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How to Develop Leadership Through Influence

How to Develop Leadership throu Influence Graphic 12JUN2017

“Leadership is influence—nothing more, nothing less.”
John C. Maxwell

These words ring in my ears. I look around the competitive spaces I play in, searching for those I influence—and those who influence me. I create mental maps each time I do this, tracking how the map changes over time. Am I gaining or losing influence? With whom? Who is gaining influence with me and who am I breaking free from?

A lot of people are confused about leadership. They look at leadership as positional. You are a leader because your title or role says so. That drove me batty as a kid. I’d ask a teacher “Why?” and they would reply “Because I said so!” The teachers tried to use their position as the basis to change my behavior, but that didn’t work with me.

There are some other myths about leadership. One is that leading and managing are the same. A couple of years ago, Tom Peters and I had a Twitter conversation about this— and I still disagree with Tom. There is a difference between a leader and a manager. Leaders influence people to follow while managers maintain the structure of the organization: the business systems, processes, and procedures that allow an organization to achieve their mission.

Many people assume that the most knowledge makes the leader. I haven’t found this to be true—often the people with the most knowledge in the room lack the people skills to influence others. It is true that you can’t be a leader without any knowledge, but you don’t need to be the smartest person in the room.

Some people think being out in front of everybody else makes you a leader. That’s also wrong. I like what one British officer wrote in his evaluation of a lieutenant: “His men follow him only out of sheer curiosity.” You have to have people who follow you with the intent to act on your behalf to accomplish your mission to be a leader.

How does a person become a leader with influence?

There are several elements that help leaders create influence:

  1. Your shared values.
  2. Your ability to build relationships with other people.
  3. Your capacity to learn.
  4. Your ability to make effective decisions quickly.
  5. Your experience in volatile, uncertain, chaotic, and ambiguous (VUCA) situations.
  6. Your track record of success.
  7. Your competence as a leader.

If you can’t influence someone to give you their discretionary effort beyond the minimum contractual obligations, to help you accomplish your mission, you aren’t a leader.

When you can lead a team when you don’t have any leverage over them, you are a true leader.

Click here for more information on how we can help you and your organization become better leaders.

What are your constraints?

The purpose of the Dillon Group, Inc. is to develop leaders within our companies and brands and develop leadership within our clients and their organizations.
Whether we help our clients develop leaders through training, mentoring, or coaching, or we help their organization develop market leadership, there are fundamental laws that govern leadership. As a long-time student of John Maxwell and others (and a member of The John Maxwell Team), I have studied leadership development for more than 20 years.
The laws of leadership proposed by John Maxwell have held true in my experience and in the experience of millions of people around the world who have directly and indirectly benefited from his insights.
The first law, the Law of the Lid, states that your leadership ability determines your level of effectiveness and whatever you accomplish will be propelled or restricted by your ability to lead others. Your leadership ability is a constraint on your success.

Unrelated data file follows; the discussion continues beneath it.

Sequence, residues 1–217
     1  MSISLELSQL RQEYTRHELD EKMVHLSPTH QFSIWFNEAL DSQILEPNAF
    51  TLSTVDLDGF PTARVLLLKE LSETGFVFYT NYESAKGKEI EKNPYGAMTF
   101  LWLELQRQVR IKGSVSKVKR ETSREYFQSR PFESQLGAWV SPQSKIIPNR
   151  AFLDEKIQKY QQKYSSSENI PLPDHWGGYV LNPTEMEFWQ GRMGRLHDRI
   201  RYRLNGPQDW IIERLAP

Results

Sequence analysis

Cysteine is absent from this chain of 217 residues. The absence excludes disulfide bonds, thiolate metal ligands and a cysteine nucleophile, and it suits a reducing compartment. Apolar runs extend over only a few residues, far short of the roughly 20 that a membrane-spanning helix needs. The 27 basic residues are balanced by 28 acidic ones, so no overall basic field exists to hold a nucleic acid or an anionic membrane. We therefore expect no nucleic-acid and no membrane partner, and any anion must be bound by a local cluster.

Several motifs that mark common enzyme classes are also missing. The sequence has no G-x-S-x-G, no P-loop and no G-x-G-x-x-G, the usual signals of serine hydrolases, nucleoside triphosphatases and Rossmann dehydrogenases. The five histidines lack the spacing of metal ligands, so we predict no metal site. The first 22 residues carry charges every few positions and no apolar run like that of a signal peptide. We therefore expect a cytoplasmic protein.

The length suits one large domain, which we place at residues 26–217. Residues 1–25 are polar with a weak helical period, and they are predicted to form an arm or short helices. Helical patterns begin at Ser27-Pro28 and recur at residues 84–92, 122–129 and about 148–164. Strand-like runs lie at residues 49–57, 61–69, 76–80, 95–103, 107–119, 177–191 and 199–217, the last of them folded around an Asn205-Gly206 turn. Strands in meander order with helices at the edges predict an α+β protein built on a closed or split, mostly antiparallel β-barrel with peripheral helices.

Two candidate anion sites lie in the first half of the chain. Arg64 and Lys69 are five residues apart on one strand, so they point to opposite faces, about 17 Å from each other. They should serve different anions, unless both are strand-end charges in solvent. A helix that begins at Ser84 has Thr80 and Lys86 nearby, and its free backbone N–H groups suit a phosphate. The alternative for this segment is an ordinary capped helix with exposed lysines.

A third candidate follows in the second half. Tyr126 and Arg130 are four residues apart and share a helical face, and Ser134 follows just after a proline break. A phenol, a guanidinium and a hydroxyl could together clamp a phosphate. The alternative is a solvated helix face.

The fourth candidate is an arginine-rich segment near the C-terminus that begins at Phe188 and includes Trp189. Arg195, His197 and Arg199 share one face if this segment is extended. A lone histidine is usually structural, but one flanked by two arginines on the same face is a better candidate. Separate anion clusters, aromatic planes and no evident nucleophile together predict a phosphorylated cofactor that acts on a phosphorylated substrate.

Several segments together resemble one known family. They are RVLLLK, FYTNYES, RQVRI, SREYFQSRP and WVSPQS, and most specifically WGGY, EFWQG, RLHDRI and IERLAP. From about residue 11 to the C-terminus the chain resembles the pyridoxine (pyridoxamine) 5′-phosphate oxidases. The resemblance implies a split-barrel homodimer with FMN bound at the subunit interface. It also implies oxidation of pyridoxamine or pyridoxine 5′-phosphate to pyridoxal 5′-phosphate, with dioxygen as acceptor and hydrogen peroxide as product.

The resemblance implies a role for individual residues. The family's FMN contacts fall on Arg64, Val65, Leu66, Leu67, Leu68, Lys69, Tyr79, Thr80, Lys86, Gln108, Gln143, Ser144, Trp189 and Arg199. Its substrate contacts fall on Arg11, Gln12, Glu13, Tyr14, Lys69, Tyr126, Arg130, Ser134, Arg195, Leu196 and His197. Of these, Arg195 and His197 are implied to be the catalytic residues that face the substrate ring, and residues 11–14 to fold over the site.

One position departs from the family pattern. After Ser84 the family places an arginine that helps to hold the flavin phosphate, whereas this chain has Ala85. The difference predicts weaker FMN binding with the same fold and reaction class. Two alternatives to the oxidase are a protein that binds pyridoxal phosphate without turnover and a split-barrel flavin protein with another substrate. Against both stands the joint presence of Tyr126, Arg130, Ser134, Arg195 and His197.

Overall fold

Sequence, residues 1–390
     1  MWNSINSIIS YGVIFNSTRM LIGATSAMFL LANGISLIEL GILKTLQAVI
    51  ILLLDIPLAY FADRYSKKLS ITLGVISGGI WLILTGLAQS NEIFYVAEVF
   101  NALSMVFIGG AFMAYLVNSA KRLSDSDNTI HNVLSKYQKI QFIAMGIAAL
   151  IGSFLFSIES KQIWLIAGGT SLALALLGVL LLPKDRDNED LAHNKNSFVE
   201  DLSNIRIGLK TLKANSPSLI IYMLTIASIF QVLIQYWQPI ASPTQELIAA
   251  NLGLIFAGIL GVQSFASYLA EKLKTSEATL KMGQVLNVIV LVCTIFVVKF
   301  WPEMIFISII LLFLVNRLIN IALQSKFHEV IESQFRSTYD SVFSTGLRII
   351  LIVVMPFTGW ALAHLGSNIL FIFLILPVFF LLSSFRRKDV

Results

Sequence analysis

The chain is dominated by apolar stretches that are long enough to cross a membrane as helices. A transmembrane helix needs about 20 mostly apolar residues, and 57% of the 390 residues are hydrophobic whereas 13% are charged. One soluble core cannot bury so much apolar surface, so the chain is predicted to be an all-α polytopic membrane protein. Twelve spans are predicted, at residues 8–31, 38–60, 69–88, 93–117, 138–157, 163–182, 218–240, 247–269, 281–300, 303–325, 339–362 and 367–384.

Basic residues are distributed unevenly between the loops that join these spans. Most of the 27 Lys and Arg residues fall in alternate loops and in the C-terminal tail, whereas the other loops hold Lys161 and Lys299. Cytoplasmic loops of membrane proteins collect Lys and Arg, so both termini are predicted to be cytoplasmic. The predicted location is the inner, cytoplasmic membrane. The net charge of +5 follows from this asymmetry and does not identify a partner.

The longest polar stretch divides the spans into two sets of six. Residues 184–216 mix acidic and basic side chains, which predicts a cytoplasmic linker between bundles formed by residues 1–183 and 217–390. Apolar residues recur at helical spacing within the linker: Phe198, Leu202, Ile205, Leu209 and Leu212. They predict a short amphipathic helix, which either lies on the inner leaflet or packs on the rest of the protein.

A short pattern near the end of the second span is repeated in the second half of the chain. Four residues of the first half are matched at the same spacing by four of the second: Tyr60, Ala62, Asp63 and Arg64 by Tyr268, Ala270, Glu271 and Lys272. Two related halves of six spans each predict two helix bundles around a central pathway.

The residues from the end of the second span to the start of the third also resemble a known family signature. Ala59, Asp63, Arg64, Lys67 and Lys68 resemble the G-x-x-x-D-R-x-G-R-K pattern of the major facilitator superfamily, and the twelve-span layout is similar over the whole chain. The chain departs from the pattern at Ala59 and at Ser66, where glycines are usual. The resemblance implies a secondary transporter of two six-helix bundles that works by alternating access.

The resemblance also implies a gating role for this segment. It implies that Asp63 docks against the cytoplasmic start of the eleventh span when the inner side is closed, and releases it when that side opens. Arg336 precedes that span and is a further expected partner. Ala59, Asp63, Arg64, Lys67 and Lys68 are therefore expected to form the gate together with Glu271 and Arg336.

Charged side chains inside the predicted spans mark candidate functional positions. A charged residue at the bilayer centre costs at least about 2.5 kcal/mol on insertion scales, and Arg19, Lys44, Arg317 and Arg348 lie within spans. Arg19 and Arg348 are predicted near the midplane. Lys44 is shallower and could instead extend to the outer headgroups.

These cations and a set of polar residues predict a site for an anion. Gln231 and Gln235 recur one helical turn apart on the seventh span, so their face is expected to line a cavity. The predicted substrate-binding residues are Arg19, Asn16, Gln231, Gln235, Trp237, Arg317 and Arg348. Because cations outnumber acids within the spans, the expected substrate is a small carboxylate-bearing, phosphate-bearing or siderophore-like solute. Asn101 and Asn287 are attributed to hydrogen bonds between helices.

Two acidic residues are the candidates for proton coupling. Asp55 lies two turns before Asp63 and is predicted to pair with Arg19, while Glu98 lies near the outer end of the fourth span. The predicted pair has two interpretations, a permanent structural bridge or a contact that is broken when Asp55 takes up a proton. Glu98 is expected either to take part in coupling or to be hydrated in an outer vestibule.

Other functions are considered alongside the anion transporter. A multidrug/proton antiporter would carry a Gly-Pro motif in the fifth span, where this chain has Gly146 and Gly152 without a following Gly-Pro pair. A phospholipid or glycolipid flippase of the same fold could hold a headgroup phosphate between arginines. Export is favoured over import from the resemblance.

I’ve learned this the hard way, as I have with most of the lessons I’ve learned over the years. Apparently, I don’t learn very well from the experiences of other—I have to experience the lesson myself.
I began by questioning my own leadership abilities. However, I decided I couldn’t rely on my own perception since I am biased—as you likely are biased about your own skill as a leader. I started asking people to give me feedback on my abilities across specific dimensions of leadership. And I didn’t ask just anyone— I asked my boss, the team I led, my colleagues, and my critics. I learned a lot— mostly that I wasn’t as good as I thought I was. I also learned that feedback can be really harsh and I had to develop thick skin to survive and thrive if I was serious about my own development as a leader.
Since those first painful steps to self-awareness, I have improved. I’m not perfect, but I’m becoming better in those leadership dimensions.
I found that I couldn’t do it alone— I didn’t have the tools to transform. I have used teachers, mentors, and coaches to grow, reducing those constraints imposed by my leadership abilities. I deliberately practiced (and continue to practice) my leadership at every opportunity.
I discovered a curious thing—there appears to be a direct correlation between my leadership ability and the success of the companies I’ve founded and lead. As I became better, we became better!
This illustrates the Law of the Lid: as I grew as a leader, my effectiveness increased and the companies performed better. I’m still growing— every day I learn that I still have a lot more to learn—and I can see the impact that I have on our team and we have on our clients.
So what are the leadership dimensions that are constraints to your effectiveness and success? Character? Charisma? Commitment? Competence? Courage? Discernment? Focus? Generosity? Initiative? Listening? Passion? Positive attitude? Problem solving? Relationships? Responsibility? Security? Self-discipline? Servanthood? Teachability? Vision?
On a scale of 1-10, how good are you?
Now, take a dose of courage and ask your critics.